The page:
“Studio C” fans filed excitedly into the BYU Broadcasting building in Provo this summer to watch a new cast tape live sketches for Season 10 of the BYUtv comedy show.

Audience members enjoyed getting to know the new “Studio C” team between sketches, but one young viewer couldn’t help but ask about the original cast, which left the show after Season 9 to start JK! Studios.

“We’re standing on the shoulders of giants,” said head writer Austin Williams, who joined the “Studio C” cast this year. “Lightning struck, and what they created is truly incredible.”

Williams said she feels pressure continuing what the original “Studio C” cast made, “but it’s also so incredibly fun.”

“It’s been very positive so far,” Williams said. “Everyone’s been saying that they’ll give us a chance. It’s very sweet to read that, that these diehard ‘Studio C’ fans who loved the old cast and didn’t know if it would work out will watch a sketch and say, ‘OK, it might not be the old cast. It might be something a little different, but we’re still enjoying this and we can’t wait to get to know you the same way that we knew the old cast.’ “

The cast for Season 10, which premiered Sept. 30, includes Williams, Tori Pence, Dalton Johnson, April Rock, Arvin Mitchell, Garet Allen, Ike Flitcraft, Jessica Drolet, Jetta Juriansz, Matthew Galvan and Tanner Gillman.

The actors originate from across North America, from Utah to Quebec, and bring with them experience from projects including “StandUp NBC,” Upright Citizens Brigade and Brigham Young University sketch comedy team Divine Comedy.

“I think it definitely adds a new voice to the show,” Williams said of the group’s diversity. “It’s very important to be inclusive with everyone when it comes to creating stories and television and comedy because everyone’s story is different.”

The comedians worked together this year to create a brand new batch of sketches on a variety of topics from “Dalton Abbey” to a sequel for “Hamilton” about U.S. President William Henry Harrison, who died of typhoid after 31 days in office.

“I came in with that idea because I’ve just been on a Lin-Manuel Miranda kick for like the past two years,” Williams said. “I was like, ‘I wonder what his next musical will be?’ … And then Jetta just absolutely crushed it with the music.”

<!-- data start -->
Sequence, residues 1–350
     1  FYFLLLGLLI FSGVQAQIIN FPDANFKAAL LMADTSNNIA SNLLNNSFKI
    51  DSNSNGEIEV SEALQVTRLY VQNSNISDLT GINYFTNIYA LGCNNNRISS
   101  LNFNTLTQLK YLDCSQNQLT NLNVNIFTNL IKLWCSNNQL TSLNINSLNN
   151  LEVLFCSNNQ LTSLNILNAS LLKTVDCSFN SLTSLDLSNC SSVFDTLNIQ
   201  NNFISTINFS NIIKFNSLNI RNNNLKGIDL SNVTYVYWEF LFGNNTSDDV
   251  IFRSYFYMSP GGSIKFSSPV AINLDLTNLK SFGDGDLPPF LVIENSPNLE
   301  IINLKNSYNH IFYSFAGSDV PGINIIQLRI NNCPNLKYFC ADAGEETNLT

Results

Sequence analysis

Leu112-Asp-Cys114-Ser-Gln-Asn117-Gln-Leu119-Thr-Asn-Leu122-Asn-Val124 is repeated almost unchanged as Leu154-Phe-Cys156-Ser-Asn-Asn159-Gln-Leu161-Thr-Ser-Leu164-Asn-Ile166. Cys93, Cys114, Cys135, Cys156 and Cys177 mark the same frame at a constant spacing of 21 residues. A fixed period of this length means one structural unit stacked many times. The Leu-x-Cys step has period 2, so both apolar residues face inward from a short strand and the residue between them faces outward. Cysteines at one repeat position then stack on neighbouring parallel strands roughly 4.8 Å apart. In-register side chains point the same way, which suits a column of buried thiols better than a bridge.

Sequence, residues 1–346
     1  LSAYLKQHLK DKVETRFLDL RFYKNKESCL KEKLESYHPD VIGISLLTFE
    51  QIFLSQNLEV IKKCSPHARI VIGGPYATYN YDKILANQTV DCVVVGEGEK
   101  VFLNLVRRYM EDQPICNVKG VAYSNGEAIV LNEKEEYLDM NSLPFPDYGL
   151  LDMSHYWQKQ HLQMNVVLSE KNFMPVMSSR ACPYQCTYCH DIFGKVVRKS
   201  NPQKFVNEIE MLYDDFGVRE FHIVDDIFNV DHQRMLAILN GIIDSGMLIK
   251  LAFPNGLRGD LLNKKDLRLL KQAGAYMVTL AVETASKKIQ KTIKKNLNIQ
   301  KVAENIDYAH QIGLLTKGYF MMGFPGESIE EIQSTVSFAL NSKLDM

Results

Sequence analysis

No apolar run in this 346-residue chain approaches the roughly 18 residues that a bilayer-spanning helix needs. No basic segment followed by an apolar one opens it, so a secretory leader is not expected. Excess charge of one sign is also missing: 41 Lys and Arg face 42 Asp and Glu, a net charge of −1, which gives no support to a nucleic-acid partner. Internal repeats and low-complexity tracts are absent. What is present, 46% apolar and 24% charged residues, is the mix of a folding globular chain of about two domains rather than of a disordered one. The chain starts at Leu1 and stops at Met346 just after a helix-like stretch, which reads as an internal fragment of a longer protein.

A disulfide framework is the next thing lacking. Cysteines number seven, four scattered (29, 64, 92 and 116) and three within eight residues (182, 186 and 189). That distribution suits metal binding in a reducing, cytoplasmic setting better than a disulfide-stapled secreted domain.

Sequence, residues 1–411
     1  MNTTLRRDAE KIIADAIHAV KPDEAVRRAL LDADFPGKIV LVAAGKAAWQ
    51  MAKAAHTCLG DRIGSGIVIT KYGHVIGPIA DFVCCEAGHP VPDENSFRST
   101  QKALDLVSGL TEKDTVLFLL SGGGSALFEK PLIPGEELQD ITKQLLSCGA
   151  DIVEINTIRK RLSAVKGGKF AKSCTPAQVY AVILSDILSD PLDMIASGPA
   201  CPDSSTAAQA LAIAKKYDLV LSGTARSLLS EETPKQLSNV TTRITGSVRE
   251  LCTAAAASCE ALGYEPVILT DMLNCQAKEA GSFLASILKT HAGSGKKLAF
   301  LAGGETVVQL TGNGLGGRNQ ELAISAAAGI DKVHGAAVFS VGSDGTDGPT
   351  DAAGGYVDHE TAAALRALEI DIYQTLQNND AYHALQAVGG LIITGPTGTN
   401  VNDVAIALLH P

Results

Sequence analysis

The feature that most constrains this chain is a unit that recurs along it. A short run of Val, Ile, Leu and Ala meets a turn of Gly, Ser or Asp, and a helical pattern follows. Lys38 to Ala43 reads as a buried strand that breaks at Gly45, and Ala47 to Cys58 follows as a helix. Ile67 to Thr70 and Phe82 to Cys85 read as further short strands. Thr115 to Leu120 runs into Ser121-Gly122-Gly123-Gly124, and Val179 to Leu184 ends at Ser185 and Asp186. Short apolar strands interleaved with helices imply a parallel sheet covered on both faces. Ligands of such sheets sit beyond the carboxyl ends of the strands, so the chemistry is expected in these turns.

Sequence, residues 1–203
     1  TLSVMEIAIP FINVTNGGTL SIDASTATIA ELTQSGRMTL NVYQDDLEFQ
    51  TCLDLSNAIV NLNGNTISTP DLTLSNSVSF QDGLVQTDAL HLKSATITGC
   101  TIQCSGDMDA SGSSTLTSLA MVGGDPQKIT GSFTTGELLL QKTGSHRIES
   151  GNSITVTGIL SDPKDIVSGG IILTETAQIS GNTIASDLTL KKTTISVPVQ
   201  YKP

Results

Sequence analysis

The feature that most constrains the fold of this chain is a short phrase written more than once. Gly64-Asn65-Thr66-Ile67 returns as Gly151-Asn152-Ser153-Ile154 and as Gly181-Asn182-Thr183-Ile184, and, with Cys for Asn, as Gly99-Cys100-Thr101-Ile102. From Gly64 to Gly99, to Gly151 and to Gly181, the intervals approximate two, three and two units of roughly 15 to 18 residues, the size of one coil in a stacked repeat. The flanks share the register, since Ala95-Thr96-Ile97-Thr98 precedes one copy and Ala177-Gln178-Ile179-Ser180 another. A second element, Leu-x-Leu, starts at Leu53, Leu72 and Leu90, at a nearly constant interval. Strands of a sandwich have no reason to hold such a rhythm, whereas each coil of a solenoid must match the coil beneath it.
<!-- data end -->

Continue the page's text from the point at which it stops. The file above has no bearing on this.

Each team member contributes unique strengths, experiences and background to the group, according to Williams.

“Jetta is a very musical person, so she and Ike have been writing a lot of musical parodies or musical sketches,” Williams said. “That goes way over my head. I am not a musical person in the least, but then to now to watch them get filmed, I’m just in absolute awe, and I think that’s part of the magic that we are bringing to the show as a new cast and as this new energy.”

Williams said one of her favorite things to do is create comedy sketches based on her pet peeves.

“It’s a blessing because I no longer have actual pet peeves in my life,” Williams said. “Anytime something annoys me, I quickly jot it down in my phone and I then am able to kind of manipulate it into a sketch.”

Catering comedy to family audiences for the BYUtv series wasn’t as hard of a challenge as Williams was expecting it to be.

“Sometimes it is easy to overthink comedy and to assume that a certain demographic won’t find this funny or a certain age group won’t find that funny, when in reality, I think funny is funny,” Williams said. “When it comes to writing it, you can only write what you find funny, and the moment that you try to write for someone specific, you lose your own voice.”

Williams said the new cast is “really finding each other’s voice,” especially after this first season together.

“It’s always interesting to hear what other people laugh at and to discover their sense of humor,” Williams said.

Moving forward, “Studio C” hopes to create a “revolving door aspect” to the cast, similar to NBC’s “Saturday Night Live,” according to Williams.

“Through this process, we’re able to continue to have new voices because I think that is the most important part of comedy is to include as many voices as possible,” Williams said.

The team’s ultimate goal is to make viewers laugh, according to Williams.

“It’s not brain surgery,” Williams said. “We’re not trying to really change the world in any way. We’re just trying to bring people back down to reality out of their own individual worlds and have this communal bonding that comes with laughter.”

“Studio C” airs Mondays at 6 p.m. on BYUtv.

“This show’s been an incredible experience, and I feel so blessed to have been a part of it,” Williams said. “I can’t wait to see what’s to come.”